One of the things I’m increasingly doing is providing typed-up-in-advance, written explanations for situations when I don’t feel able to explain something verbally (I’m fully verbal, but this wavers when I’m stressed or anxious). This is something I’d like to explore more with my daughter.

What mistakes do neurotypical autism advocates make?

Oooh, that would be a very long list! But I’d say that many allies’ mistakes arise from naivety, misinformation, wrongful assumptions, or misguided (but often strongly-held) beliefs.

For example:
  • That they are free to intrude upon and occupy the online and physical community spaces we have set up for ourselves – we need spaces where we can be us, without fear of being overlooked, criticised or interrupted
  • That we are there to be observed, studied and talked over, because we have no inner life and thus no reason to complain because we’re not actually proper people (I even believed this myself before I knew enough about autism to recognise it in myself)
  • That their voice is more important than ours.
  • That they are experts on autism and we are not.
  • That their struggles are always the same as ours (sometimes they are; sometimes they’re not!).
  • That we can never be active agents in the research of, and teaching about, autism, or the development of new innovations in appropriate support for autistic people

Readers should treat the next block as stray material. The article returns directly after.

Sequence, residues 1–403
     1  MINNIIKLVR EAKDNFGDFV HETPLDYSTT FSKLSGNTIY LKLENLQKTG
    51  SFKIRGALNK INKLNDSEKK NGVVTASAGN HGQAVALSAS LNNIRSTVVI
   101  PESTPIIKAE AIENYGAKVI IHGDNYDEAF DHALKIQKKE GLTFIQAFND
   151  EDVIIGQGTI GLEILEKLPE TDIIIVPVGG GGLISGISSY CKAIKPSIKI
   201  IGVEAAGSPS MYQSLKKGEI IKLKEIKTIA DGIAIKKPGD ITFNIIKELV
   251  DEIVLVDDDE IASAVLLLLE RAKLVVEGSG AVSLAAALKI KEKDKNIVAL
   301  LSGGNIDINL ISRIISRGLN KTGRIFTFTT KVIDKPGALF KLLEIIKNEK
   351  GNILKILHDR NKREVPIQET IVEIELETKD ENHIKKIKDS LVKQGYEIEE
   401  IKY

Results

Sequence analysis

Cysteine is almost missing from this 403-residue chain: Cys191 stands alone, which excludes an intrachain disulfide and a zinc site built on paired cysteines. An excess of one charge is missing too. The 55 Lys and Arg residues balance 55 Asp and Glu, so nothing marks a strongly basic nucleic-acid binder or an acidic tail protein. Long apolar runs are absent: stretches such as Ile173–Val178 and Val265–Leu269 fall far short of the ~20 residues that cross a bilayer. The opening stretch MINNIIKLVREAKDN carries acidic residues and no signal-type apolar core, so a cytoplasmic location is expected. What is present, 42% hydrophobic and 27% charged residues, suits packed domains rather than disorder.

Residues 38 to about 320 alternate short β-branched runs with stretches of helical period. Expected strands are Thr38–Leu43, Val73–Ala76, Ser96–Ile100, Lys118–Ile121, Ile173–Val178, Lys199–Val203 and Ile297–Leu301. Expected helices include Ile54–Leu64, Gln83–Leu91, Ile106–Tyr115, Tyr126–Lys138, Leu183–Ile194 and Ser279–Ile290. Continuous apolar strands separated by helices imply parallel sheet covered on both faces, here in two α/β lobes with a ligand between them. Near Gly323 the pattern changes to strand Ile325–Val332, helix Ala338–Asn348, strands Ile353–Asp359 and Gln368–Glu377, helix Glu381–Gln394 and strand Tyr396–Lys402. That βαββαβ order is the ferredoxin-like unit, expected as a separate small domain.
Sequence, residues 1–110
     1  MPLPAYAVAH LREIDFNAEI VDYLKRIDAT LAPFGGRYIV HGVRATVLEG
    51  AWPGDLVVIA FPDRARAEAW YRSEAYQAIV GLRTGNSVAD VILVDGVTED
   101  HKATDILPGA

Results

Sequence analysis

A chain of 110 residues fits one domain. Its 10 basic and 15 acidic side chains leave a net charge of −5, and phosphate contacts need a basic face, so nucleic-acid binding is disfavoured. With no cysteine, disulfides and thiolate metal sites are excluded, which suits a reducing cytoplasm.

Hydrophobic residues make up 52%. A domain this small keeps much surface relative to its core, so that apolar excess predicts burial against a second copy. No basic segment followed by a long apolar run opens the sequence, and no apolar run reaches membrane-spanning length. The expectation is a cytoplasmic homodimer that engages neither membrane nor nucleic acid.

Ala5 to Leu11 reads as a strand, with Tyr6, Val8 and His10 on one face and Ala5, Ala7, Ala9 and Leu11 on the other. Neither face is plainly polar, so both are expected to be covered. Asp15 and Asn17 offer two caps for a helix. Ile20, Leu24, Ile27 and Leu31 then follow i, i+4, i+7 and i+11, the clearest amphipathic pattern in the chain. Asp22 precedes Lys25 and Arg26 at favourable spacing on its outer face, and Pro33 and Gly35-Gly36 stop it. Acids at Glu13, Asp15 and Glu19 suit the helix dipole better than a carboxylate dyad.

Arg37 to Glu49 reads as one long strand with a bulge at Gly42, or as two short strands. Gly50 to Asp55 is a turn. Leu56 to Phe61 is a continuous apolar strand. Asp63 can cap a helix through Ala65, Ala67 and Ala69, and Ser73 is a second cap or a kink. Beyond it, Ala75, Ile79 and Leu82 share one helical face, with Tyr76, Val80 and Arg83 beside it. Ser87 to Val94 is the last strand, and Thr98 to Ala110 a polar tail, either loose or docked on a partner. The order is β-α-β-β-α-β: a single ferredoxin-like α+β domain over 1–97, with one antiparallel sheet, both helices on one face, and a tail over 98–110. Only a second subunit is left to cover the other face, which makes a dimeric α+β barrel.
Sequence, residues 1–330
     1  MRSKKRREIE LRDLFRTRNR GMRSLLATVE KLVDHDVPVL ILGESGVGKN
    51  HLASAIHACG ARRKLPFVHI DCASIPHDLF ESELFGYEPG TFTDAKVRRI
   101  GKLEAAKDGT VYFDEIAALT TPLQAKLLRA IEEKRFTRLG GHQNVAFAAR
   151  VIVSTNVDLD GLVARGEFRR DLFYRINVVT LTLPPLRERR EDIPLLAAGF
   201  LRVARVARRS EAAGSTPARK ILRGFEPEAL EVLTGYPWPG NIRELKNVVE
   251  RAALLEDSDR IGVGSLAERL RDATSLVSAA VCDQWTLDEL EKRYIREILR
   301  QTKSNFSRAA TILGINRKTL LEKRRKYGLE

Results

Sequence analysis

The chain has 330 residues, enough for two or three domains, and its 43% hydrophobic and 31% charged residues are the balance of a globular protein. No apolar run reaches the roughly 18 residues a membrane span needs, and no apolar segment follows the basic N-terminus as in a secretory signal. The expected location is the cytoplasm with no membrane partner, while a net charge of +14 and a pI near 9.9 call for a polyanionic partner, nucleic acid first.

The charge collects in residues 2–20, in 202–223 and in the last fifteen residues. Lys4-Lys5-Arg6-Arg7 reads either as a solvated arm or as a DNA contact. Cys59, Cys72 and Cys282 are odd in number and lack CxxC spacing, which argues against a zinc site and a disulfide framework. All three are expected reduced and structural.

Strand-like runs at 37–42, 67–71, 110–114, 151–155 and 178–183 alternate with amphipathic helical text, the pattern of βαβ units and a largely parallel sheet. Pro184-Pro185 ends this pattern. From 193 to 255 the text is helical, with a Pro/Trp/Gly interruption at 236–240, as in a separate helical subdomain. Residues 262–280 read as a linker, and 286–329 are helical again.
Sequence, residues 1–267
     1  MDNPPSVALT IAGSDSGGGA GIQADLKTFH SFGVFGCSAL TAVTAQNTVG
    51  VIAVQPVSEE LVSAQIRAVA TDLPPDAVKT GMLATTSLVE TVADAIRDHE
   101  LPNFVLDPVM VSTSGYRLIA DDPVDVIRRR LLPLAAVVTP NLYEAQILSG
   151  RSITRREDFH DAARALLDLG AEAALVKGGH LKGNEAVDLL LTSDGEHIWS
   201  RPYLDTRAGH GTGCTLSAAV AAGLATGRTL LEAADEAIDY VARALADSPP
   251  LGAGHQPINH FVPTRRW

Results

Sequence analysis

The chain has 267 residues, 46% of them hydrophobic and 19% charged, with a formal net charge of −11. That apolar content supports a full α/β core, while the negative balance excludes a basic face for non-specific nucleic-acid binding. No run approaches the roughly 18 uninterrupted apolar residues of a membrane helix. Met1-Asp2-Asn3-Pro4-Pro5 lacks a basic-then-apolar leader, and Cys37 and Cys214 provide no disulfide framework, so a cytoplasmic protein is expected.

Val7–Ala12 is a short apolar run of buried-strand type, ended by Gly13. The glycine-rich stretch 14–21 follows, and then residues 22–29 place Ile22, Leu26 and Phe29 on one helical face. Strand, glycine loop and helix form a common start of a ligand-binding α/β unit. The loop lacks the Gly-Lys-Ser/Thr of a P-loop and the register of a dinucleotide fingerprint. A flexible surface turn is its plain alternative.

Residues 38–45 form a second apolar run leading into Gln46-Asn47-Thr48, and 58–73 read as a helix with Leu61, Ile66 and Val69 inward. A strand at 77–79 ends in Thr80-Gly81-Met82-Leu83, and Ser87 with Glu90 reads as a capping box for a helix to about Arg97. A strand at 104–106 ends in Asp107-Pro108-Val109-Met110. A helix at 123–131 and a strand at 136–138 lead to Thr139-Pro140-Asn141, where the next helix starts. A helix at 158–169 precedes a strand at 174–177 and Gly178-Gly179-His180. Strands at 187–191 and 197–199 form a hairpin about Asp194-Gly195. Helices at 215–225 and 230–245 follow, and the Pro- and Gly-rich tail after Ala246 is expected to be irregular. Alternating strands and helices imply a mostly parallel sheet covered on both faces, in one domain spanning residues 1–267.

• That we’re not capable of making our own decisions or even conveying our own experiences to others
  • That we’re all “suffering” because of our autism – no, usually we’re suffering as a result of being autistic in a world that isn’t built for us and isn’t very accepting of us
  • That those of us who can “speak” for ourselves (I use the term “speak” very loosely – by this I mean communicate in any way that other, non-autistic people can understand) aren’t sufficiently autistic either to: a) self-advocate for ourselves as autistic people; or b) advocate for other autistics without a voice. This is insulting to autistics of all types or levels of support need. I can’t, of course, speak for all autistics – I can only speak for myself. But I do share some common experiences with many other autistics, verbal or nonverbal, high or low support need, with or without comorbid intellectual disabilities. The more a neurotypical carer or parent can learn from the experiences of all the different autistic people “speaking” out there, the more likely it is that they might stumble upon that one piece of information or nugget of wisdom that really helps them and the autistic person or people they love and care for.

I could go on, but those are the things that most frustrate me. Many neurotypical autism advocates are wonderful, of course, but many do get it wrong. Just listen to us, and pay attention!